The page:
If the OSHA grain facility standard is suppose to reduce the prevalence of combustible dust accidents in the grain industry here in the
In contrast, over the past six months with over 70 combustible dust explosions and fires in the manufacturing sector, 22 % have been explosions. Surprisingly, the number of injuries when comparing to combustible dust events between the two industry sectors are approximately the same.
Recent Senate testimony at a combustible dust hearing by governmental officials have stated that the number of grain facility combustible dust fires and explosions have been reduced since the OSHA Grain Facility Standard was introduced two decades ago. So what is an acceptable number of accidents if combustible grain dust explosions and fires are happening at the same pace as incidents in manufacturing plants?
The only difference between the two is the tragic event at Imperial Sugar, which gained the attention of congressional leaders to take preventative action. It's only a matter a time before the magnitude of the
Take a fast rewind over 3o years ago, to 1977 when several grain silo facilities eerily exploded within days of each other creating a heavy death toll. It was these events that initiated legislation for the OSHA Grain Facility Standard. Earthquakes on the West Coast of high magnitude in metropolitan areas have the same effect. The events are spaced out many years apart but still result in high fatalities, injuries, and extreme economic damage.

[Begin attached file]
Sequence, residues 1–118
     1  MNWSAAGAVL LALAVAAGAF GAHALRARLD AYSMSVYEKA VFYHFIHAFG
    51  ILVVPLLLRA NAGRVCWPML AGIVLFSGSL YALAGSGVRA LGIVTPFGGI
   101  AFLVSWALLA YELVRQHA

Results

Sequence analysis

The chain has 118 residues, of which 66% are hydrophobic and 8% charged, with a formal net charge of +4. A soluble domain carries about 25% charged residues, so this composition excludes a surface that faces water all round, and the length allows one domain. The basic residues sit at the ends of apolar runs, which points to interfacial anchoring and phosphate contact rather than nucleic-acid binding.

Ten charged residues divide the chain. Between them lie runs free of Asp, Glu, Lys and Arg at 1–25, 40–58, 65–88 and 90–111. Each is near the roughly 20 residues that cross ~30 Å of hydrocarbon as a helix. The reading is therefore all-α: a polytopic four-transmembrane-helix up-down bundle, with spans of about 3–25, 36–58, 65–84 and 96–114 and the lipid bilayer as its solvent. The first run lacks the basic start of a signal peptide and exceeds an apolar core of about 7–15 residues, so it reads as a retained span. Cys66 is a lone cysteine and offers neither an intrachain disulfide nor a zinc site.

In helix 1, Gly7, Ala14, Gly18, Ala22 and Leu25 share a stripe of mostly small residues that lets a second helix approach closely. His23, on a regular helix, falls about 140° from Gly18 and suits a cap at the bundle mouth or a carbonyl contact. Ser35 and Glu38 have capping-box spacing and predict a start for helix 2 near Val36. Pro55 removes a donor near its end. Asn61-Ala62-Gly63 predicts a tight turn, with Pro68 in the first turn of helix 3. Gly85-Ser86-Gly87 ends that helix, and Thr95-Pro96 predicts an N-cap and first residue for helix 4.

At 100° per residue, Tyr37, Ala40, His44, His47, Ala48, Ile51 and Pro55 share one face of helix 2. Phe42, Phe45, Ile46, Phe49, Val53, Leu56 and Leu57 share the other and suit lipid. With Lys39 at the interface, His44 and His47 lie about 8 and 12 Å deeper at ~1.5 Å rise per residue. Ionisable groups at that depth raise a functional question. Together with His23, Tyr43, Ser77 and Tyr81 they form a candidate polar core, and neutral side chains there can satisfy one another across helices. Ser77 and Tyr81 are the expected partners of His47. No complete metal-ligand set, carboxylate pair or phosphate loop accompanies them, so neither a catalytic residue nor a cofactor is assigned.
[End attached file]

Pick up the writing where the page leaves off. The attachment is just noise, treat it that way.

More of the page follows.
Right Idea...Misguided Approach
It's commendable that legislators desire OSHA regulations with protective action to prevent further workplace injuries and fatalities. The problem is with the methodology in achieving this goal. For example, regarding the case with Imperial Sugar and the huge loss of life, concerned legislators were immediately outraged as was the public. Something had to get done and quickly to prevent additional occurrences of accidents of that magnitude. Quick it was, then ensuing congressional testimony began to turn into attacks on OSHA, the director of OSHA, and even the Secretary of Labor.
This is where the problem arose in drafting the Worker Protection Against Combustible Dust Explosion and Fires Act (H.R. 5522). Emotions entered into the picture instead of a reasoned approach which should of consulted all stakeholders concerning life safety, structural integrity, mission continuity, and mitigation of fire and explosions as outlined in the National Fire Protection Association (NFPA) standards.
Congress needs to reevaluate the stark and unyielding provisions of the pending combustible dust bill, which has all the good intentions of accident prevention and worker safety. Instead the local jurisdictional aspect with collaborative partnerships must be aligned between federal, state, and local entities in the prevention and mitigation of future combustible dust incidents.
Already it is proven the federal provision in the OSHA Grain Facility Standard does not reduce the occurrences of combustible grain dust incidents. How can it? Doesn't take much higher math to figure there are not enough OSHA inspectors to inspect all the grain facilities on a regular basis. Besides it's not up to the federal government to ensure a facility will not go off like a Chinese bottle rocket to the moon at moments notice.
An excellent example of local jurisdictional cooperation with state, local, and federal alliances is Homeland Security. Billions of dollars have gone into that program and millions more too local and state jurisdictions. Is Homeland Security working? Maybe it's too early to tell. But the resources have been spent. Isn't our nations manufacturing sector just as vital or important?
Photo Credit: OSHA